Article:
“Bulgarian Temptations: 33 Illustrated Culinary Journeys with Recipes” was the socialist version of the “Michelin Guide” and Anthony Bourdain combined. Emil Markov embarked on a journey to tempt Western tourists, becoming possibly the first chef-traveler, far before The Food Network popularized the idea. He described traditional Bulgarian cuisine based on recipes collected during his travels.
Rio de Janeiro, the French Riviera, and the sunny resorts of Italy were not the only tourist destinations of the post-war world, and sunny vacations were not a solely capitalist privilege. Communist Central Europe had its own luxury destinations, with Bulgaria being the most notable.
Traditional Bulgarian cuisine: Balkan temptation
Backed by socialist tourist giant, Balkanturist, author, and apparent foodie, Markov set off to gather recipes of traditional Bulgarian cuisine that so fascinated him from all around the country in the mid-1970s, accompanied by “Vlado”, his photographer. They spent a few long years traveling across the country, collecting recipes from known chefs at modern socialist venues and exploring traditional street food. The account of their journey connects the food, land, and cultural scapes and uses historical anecdotes to depict traditional Bulgarian cuisine fully.
Vlado’s photos are equally fascinating, colorful, and narrative. They captured the dishes, wine, landscapes, and beauty of the food in its context. Markov described recipes from posh hotel chefs to modes countryside inns, local farmer’s markets, and home cooking. Even scholars today compare the effort to the well-established television format of chef-traveler or well-versed foodie introducing foreign cuisine to their audience. Such was also the role of “Bulgarian Temptations,” but given that the author was Bulgarian, it was supposed to introduce Bulgarian food to other foodies around the world.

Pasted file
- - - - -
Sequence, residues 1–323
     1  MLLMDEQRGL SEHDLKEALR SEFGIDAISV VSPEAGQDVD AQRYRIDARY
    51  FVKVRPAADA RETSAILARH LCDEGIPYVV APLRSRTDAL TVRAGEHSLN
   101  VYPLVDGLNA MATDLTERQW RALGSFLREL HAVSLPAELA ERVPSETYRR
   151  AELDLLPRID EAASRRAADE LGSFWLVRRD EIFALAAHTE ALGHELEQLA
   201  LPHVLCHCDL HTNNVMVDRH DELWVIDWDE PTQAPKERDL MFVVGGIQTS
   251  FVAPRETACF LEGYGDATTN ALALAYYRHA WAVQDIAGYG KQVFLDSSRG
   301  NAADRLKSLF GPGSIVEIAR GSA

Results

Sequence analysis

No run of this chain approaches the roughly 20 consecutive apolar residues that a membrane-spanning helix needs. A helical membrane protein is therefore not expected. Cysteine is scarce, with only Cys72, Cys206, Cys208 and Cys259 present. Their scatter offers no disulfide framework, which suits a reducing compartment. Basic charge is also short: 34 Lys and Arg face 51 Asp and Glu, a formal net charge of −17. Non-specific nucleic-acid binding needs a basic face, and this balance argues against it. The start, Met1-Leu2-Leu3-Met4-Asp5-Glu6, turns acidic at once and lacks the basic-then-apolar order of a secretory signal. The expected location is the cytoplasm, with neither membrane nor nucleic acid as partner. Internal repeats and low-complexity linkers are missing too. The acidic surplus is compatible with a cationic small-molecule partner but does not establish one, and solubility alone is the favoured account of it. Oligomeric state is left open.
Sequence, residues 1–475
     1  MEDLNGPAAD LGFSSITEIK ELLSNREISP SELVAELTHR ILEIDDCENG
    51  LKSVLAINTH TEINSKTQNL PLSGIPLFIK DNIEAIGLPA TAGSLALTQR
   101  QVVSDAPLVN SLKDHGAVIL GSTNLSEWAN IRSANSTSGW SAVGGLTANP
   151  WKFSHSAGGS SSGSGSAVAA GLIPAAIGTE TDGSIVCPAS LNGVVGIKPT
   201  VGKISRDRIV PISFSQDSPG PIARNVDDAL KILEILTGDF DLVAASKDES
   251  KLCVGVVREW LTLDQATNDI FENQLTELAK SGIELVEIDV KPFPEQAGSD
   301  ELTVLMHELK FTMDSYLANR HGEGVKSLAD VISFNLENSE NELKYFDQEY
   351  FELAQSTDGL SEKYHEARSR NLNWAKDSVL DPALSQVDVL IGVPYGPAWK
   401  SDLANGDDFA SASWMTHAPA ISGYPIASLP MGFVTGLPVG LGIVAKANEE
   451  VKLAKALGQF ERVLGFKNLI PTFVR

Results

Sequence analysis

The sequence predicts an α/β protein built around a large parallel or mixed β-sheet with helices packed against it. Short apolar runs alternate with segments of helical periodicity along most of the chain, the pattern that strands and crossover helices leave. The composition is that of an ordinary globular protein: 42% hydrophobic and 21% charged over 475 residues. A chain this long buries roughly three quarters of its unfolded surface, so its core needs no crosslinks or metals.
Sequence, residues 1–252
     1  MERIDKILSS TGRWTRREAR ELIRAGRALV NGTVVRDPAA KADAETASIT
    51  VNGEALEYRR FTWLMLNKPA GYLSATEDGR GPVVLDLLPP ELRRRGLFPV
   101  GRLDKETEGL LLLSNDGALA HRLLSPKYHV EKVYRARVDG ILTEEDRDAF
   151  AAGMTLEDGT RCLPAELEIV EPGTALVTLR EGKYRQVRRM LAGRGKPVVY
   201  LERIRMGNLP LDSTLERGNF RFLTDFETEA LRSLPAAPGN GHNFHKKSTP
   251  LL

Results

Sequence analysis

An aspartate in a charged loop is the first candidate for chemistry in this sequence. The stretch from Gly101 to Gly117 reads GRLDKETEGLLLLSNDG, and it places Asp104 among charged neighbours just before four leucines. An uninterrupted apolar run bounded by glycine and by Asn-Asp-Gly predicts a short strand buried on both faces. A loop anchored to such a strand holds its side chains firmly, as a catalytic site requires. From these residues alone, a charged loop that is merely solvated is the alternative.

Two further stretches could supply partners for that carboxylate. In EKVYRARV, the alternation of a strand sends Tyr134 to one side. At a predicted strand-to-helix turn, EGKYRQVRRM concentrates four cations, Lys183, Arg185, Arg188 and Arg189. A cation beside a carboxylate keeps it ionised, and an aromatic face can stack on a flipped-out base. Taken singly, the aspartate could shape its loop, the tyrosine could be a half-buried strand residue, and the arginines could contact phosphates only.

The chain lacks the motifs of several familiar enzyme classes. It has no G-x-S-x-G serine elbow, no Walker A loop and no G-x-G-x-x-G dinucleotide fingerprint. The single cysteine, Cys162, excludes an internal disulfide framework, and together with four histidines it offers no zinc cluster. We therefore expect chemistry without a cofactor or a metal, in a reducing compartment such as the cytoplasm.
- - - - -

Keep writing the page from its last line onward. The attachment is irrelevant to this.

Balkantourist and the birthday of Bulgaria
The book was published in English, German, and French and aimed at creating a particular image of Bulgaria as a tourist destination. Traditional Bulgarian cuisine is shown here in a foodporn way, with text and visuals inducing temptation in would-be tourists. It took Markov until 1981 to complete the quest. The date of publication was convenient, as 1981 was a yearlong celebration of the 1300th anniversary of the state of Bulgaria. The commemorating sign bore two dates: 681 and 1944, the latter being the one of establishing the modern state of Bulgaria.
Therefore, the celebration was supposed to unite the national pride with the socialist ideals, though Markov didn’t really fit in. While he naturally paid homage to socialist dining venues and the book was “dedicated to the 1300th Jubilee of Bulgaria”, he didn’t try to hide his preference for peasant cuisine and the politically incorrect Turkish influence on Bulgarian dishes.
“Bulgarian Temptations: 33 Illustrated Culinary Journeys with Recipes” can still be found on eBay. The compilation was perhaps the last effort to support socialist Bulgaria’s image as a tourist destination.